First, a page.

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Rubidium fluoride (RbF), a minor metal fluoride with rock-salt structure, is a white crystalline powder. It is hygroscopic, soluble in water and very dilute hydrofluoric acid solution but insoluble in ethanol, ether or liquid ammonia. It is used as a raw material for the preparation of metallic rubidium and various rubidium salts, as a chemical reagent, as a crystal scintillation counter and also for production of catalysts.
The melting point of a solid is determined by the strength of intermolecular forces that hold the particles in their crystal lattice. The stronger the forces are, the higher the melting point. The lattice energy is dependent on the charges and sizes of the ions. The greater the charge and the smaller the ionic radius, the more lattice energy.
RbF and BeO, two highly ionic compounds with very different melting points, have similar lattice energies. This is due to similar ionic sizes and the close packing of ions. The forces that hold the Be2+ and O2- ions in BeO together are therefore much stronger than those that hold RbF and LiF ions together.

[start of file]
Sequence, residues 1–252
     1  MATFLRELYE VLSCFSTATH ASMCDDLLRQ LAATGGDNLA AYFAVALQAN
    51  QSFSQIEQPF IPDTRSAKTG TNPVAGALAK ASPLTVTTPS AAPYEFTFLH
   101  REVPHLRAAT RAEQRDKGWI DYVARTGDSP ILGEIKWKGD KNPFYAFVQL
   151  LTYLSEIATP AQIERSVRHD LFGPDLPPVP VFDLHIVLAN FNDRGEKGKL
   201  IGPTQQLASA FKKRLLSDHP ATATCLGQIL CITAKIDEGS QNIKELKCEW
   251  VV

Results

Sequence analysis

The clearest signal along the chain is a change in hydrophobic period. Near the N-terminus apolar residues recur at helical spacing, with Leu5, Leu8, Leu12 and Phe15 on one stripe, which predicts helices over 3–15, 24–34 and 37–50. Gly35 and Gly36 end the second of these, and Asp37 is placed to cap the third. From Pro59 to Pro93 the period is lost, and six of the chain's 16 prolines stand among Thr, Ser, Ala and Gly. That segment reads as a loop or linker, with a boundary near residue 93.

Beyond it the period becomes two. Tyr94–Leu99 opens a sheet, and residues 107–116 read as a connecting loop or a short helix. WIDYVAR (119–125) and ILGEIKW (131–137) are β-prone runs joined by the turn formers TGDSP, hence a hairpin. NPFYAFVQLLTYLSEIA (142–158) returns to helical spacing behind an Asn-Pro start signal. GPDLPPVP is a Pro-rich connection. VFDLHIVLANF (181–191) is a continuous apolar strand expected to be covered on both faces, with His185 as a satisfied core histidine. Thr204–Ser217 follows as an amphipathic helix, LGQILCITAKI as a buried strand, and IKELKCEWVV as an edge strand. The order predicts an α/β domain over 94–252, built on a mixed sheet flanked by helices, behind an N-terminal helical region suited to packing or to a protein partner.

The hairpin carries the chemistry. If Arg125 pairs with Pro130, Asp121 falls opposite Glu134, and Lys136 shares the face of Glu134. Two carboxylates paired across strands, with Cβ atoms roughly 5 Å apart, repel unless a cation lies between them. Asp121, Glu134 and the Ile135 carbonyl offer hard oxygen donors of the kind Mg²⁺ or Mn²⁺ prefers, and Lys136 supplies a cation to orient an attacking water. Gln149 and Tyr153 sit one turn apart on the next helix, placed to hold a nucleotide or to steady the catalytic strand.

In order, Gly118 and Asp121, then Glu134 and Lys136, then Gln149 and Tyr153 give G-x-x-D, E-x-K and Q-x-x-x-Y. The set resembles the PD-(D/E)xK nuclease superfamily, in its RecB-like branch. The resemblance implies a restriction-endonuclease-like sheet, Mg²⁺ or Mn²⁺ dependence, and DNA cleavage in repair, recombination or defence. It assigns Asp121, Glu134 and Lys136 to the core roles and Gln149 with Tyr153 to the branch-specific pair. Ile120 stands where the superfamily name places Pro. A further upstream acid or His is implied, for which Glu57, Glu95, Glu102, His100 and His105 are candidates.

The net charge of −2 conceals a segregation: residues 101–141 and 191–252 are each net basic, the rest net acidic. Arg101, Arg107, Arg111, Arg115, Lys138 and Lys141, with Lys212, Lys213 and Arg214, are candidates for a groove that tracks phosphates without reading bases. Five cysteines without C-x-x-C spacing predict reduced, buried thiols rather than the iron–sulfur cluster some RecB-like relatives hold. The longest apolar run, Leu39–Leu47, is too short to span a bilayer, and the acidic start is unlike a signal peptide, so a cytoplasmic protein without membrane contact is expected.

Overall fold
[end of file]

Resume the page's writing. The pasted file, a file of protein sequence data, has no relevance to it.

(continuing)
To determine the melting point of a sample, the specimen was placed in a graphite crucible and heated to temperature by a Pt / Pt- 13% Rh thermocouple. A recorder with a suppressed zero and a Leeds and Northrup potentiometer recorded the electromotive force (emf) produced by the melted substance as it cooled. Cooling rates were controlled by a Honeywell 3-mode program controller. A random-split cross validation procedure was performed. The flash and boiling points of all samples, after purification, were within error equal to or better than those reported in the literature.